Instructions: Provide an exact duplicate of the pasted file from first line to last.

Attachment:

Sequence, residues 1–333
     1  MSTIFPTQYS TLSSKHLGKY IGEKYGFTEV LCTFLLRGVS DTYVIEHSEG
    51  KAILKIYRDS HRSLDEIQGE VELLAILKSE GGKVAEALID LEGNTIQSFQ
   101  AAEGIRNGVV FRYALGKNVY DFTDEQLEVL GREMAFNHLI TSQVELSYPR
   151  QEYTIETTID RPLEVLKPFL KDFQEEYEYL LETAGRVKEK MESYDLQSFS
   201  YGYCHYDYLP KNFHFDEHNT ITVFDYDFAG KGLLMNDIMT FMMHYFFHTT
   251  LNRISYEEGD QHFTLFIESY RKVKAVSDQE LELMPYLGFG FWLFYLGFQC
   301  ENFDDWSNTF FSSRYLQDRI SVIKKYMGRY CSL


Sequence, residues 1–333
     1  MSTIFPTQYS TLSSKHLGKY IGEKYGFTEV LCTFLLRGVS DTYVIEHSEG
    51  KAILKIYRDS HRSLDEIQGE VELLAILKSE GGKVAEALID LEGNTIQSFQ
   101  AAEGIRNGVV FRYALGKNVY DFTDEQLEVL GREMAFNHLI TSQVELSYPR
   151  QEYTIETTID RPLEVLKPFL KDFQEEYEYL LETAGRVKEK MESYDLQSFS
   201  YGYCHYDYLP KNFHFDEHNT ITVFDYDFAG KGLLMNDIMT FMMHYFFHTT
   251  LNRISYEEGD QHFTLFIESY RKVKAVSDQE LELMPYLGFG FWLFYLGFQC
   301  ENFDDWSNTF FSSRYLQDRI SVIKKYMGRY CSL